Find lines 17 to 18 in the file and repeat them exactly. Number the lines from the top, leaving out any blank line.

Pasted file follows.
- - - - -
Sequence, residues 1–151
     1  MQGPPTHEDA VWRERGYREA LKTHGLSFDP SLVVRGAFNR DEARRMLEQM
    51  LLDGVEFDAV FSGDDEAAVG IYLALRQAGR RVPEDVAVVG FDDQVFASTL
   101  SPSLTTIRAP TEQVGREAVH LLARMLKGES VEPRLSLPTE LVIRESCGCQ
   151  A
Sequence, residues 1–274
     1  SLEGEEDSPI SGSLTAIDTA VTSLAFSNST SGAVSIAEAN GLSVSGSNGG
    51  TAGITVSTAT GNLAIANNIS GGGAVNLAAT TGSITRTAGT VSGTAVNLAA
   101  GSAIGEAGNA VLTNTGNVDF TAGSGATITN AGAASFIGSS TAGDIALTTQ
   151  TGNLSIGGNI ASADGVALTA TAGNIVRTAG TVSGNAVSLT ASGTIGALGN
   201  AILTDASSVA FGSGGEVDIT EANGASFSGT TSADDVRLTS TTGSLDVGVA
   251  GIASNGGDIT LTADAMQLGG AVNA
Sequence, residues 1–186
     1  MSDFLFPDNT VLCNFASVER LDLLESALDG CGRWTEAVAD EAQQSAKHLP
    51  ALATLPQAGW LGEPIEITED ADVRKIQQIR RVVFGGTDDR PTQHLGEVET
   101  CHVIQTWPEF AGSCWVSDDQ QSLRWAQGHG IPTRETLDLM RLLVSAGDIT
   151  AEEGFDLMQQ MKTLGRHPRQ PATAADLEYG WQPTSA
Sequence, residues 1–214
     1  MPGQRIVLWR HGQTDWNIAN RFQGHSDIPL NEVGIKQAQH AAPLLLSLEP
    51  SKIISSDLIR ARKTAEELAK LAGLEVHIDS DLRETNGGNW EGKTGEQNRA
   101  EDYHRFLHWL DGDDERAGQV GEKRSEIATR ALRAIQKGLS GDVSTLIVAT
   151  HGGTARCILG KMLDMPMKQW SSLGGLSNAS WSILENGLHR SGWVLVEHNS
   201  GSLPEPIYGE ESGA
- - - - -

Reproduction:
   151  AEEGFDLMQQ MKTLGRHPRQ PATAADLEYG WQPTSA
Sequence, residues 1–214